The result is a powerful, automatic analysis of the types of features required, what Rashid calls the "asset base." That is the first element of the Toolsuite created by AMPLE.

Tools in the chain

Other tools in the chain allow companies to create their modular software components, to assemble them for a specific task, and to test and validate the resulting application. Another important element is the maintenance, repair and modification of both the SPL and the software it produces.

"Software is developing all the time, with new and better techniques to do the same job, or to complete new tasks. You have to plan for upgrading and improving the product line from the beginning," notes Rashid.

"This is where traceability becomes so important. With the AMPLE Toolsuite, if you change one element of the product line it will show you what other elements are affected by that change, so you can modify the other elements."

It makes it a lot harder to break the software by adding a new element, a frequent problem in software design.

The project has completed its work and industry and academia are excited by what the team has achieved. There are a number of discussions underway to examine how the work might go forward.

Future developments

One company, which worked with the project but is not part of the consortium, may incorporate elements of the initial analyses tools into its products, while the partners are discussing ways to take the work forward.

The software is already available for download on the AMPLE website, but Rashid believes it will require a lot more work to make the platform a commercial package. "Do I see the Toolsuite released as a commercial product? It would take much more development. There are elements within our work that will be used... but it will take a few years for the entire suite to be up to commercial standard. Therefore, we are making some of the modelling software Open Source to develop it further."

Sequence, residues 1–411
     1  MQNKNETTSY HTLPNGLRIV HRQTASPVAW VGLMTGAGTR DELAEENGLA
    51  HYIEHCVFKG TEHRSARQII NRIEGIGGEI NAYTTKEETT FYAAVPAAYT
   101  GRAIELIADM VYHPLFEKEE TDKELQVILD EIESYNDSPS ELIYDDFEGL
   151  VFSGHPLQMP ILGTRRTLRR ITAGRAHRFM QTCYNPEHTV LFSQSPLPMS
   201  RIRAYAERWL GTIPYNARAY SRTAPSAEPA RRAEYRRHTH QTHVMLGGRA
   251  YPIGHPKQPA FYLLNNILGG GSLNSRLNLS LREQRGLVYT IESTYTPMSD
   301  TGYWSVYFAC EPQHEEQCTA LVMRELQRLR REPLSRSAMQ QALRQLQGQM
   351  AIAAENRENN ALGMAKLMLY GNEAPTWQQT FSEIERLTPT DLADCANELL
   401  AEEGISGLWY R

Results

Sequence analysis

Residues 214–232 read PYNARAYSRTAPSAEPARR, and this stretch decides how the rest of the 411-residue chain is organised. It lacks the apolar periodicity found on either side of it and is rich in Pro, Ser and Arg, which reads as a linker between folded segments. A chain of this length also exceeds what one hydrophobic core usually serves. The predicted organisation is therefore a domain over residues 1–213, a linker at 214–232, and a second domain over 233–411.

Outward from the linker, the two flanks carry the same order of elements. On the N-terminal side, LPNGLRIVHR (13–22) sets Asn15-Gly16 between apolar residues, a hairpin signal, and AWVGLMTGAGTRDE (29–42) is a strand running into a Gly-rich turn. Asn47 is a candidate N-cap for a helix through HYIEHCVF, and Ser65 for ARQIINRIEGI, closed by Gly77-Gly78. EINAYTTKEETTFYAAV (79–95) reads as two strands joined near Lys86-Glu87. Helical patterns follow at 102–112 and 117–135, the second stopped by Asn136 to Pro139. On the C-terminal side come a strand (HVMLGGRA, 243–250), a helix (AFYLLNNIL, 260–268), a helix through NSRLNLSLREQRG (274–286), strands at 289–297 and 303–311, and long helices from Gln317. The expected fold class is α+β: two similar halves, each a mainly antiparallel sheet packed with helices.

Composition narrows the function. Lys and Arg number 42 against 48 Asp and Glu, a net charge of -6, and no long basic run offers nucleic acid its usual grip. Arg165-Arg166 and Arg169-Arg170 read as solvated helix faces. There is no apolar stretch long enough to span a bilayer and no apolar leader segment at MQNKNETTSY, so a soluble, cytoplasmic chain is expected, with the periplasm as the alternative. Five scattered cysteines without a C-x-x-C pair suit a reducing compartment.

In the meantime, AMPLE demonstrated a powerful new paradigm for software development, one that could reduce costs, speed up development and lead to new SMEs developing in Europe. As a bonus, they have created tools that will have impressive potential applications way beyond the software domain.

The AMPLE project received funding from the ICT strand of Sixth Framework Programme for research.


Story Source:

The above story is based on materials provided by ICT Results. Note: Materials may be edited for content and length.


Cite This Page:

ICT Results. "Software development gets a better production line." ScienceDaily. ScienceDaily, 5 February 2010. <www.sciencedaily.com/releases/2010/02/100205115949.htm>.
ICT Results. (2010, February 5). Software development gets a better production line. ScienceDaily. Retrieved October 21, 2014 from www.sciencedaily.com/releases/2010/02/100205115949.htm
ICT Results. "Software development gets a better production line." ScienceDaily. www.sciencedaily.com/releases/2010/02/100205115949.htm (accessed October 21, 2014).